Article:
Karen Stirrat was six weeks into her pregnancy when she discovered she was having twins - or so she thought.
With her sister already the proud mother of one set of twins she knew it was a possibility but when her doctor picked up not one or two, but three and then four tiny heartbeats she couldn't believe it.
"It was a massive surprise," she says, but the family quickly settled down to preparing for their little arrivals.
Karen, 31, from Clydebank, West Dunbartonshire, was working as a junior accountant at the time and dutifully approached her employer to tell them her news.
The doctors had already warned her that with carrying so many babies, she was likely to go through a premature birth, but what Karen did not expect was just how early they would arrive - or how much the employment system would cause her a problem.
"I liked my job a lot but I started to get sick during the pregnancy," she says.
"I had a pretty big bump early on because of all the babies and that made things harder - I tried to hold on as long as I could but work become too difficult."
Karen ended up in the maternity ward 13 weeks early, successfully welcoming her triplets Caleb, Poppy and Alicia into the world. Sadly, the baby with the smallest heartbeat didn't make it to term.
"They were absolutely beautiful," says Karen. "Poppy is the very demanding one and my dad says she's just like me with her little temper tantrums.
"Alicia cried constantly at first but now she's a bubbly wee soul just filled with smiles and Caleb, he's the quiet placid one - until he wants fed."
The triplets grew in weight and were eventually allowed home, though the two baby girls remained on oxygen.
It took a lot of months of treatment and there were still many hospital visits to come to make sure their health remained steady.
The current maternity leave of 52 weeks kicks in from the day after a baby is born, regardless of whether that baby is premature or not.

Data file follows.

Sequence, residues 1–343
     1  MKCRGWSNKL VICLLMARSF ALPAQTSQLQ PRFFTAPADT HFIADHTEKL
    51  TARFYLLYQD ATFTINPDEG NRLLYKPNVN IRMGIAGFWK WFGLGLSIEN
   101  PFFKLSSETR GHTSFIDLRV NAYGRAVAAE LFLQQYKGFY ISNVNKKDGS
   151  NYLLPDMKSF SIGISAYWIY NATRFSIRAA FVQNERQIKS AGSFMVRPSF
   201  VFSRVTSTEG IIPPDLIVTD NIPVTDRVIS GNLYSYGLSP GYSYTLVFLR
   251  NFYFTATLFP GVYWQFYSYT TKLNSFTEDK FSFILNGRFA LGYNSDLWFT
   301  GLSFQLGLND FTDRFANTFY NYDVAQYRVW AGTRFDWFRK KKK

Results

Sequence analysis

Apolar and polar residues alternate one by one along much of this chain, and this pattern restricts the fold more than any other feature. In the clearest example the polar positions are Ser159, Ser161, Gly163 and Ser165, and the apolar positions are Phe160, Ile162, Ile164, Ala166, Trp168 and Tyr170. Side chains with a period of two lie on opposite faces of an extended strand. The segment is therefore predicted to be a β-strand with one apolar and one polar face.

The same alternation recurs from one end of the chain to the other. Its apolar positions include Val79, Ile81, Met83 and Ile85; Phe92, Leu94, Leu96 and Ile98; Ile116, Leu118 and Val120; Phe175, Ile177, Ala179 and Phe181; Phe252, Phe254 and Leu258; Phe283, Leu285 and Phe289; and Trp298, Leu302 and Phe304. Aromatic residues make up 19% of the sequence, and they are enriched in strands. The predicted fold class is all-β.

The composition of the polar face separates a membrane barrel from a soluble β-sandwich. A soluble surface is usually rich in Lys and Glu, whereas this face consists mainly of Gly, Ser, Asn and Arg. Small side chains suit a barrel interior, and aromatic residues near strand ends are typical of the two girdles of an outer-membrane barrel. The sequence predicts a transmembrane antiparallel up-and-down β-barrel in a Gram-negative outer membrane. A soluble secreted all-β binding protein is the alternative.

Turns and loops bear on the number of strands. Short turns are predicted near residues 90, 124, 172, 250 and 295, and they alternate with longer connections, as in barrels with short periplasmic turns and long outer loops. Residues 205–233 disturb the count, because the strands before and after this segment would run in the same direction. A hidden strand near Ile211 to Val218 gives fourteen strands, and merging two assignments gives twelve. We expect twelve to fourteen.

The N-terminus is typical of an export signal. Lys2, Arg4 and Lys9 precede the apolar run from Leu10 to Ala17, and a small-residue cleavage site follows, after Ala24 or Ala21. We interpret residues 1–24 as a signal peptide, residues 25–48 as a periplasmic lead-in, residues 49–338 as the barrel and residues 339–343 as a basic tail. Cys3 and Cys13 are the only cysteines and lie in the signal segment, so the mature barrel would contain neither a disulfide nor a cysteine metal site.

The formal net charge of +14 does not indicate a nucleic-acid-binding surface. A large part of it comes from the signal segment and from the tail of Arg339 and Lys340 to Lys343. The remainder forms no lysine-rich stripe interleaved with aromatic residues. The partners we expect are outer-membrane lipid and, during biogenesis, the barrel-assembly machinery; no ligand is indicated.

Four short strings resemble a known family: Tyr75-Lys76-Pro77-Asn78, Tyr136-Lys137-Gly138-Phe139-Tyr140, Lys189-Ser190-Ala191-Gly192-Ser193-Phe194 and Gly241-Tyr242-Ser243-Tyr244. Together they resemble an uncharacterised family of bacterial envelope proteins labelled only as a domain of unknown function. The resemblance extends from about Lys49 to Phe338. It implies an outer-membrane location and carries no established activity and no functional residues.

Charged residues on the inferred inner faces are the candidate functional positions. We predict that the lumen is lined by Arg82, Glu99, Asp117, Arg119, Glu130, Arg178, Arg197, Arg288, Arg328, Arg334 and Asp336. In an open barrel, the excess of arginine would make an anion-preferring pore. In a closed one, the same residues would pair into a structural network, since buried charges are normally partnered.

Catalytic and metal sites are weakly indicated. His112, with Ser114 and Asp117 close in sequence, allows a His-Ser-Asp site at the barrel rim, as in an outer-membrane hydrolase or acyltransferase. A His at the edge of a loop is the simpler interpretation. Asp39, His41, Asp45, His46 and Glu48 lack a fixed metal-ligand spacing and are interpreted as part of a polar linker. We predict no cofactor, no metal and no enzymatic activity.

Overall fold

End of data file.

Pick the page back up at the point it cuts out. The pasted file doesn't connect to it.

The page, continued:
"You just don't get to know your babies until they're home," says Karen.
The triplets still needed a lot of care, there were many more health checks and appointments to go to given their premature birth .
Karen's husband took on extra hours to support the family. He still works overtime each week and is not able to see his children as much as he would have hoped.
Karen went online to seek employment advice and stumbled instead upon a campaign seeking more rights for the parents of premature children.
She has now become an ambassador for the group.
Launched by London mother-of-two Catriona Ogilvy, after her own son, Samuel, was born 10 weeks prematurely, the group hopes to have a bill passed in parliament which would mean employers could be obliged to delay the start of maternity leave and pay to begin only after the period for which the premature baby is under hospital care.
Catriona's baby boy had to be resuscitated for six minutes after he was born in 2011 and it was six days before she was able to hold him.
When the pair finally arrived home, the former neonatal worker was surprised to discover the statutory maternity leave had kicked in straight away.
"It was a complete shock to the system," Catriona said in a BBC interview this week.
"Having worked there, I thought I knew all there was to know, but all those families were using their maternity leave sat in a hospital.
"It really kicks in when you get home and you can be a mum to your baby for the first time. Then all that time is taken away from you and you have to go back to work when they are so tiny. It is a bitter pill to swallow."
Her campaign now has more than 100,000 signatures including those of Scottish mother Karen.
"We're hopeful more support will follow," says Karen.
"As a family we're just going to manage on now. I felt I was put in a position where something had to give and it had to be work - family is too important and I hope we will soon have the support we need that reflects that."
Note: For clarification, this article originally published that Ms Karen Stirrat had to leave her employment while on maternity leave which is inaccurate. Instead, she handed in her notice to quit whilst pregnant as "she knew her children were going to be born premature and that she would have to return to work early if she stayed".